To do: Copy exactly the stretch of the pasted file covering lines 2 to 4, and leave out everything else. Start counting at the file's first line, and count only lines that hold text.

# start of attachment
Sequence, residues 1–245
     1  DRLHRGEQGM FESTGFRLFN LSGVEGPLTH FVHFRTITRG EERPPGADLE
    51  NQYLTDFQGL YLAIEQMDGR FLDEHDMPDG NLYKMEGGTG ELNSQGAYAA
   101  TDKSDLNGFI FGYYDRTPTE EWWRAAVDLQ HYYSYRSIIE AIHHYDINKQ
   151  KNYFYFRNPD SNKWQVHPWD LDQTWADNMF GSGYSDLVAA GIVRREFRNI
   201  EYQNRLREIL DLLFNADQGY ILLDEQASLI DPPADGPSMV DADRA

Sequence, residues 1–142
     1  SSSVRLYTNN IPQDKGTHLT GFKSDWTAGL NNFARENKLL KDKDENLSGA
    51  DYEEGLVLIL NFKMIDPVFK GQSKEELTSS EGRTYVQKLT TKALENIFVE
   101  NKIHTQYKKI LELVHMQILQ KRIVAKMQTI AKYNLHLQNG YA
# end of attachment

     1  DRLHRGEQGM FESTGFRLFN LSGVEGPLTH FVHFRTITRG EERPPGADLE
    51  NQYLTDFQGL YLAIEQMDGR FLDEHDMPDG NLYKMEGGTG ELNSQGAYAA
   101  TDKSDLNGFI FGYYDRTPTE EWWRAAVDLQ HYYSYRSIIE AIHHYDINKQ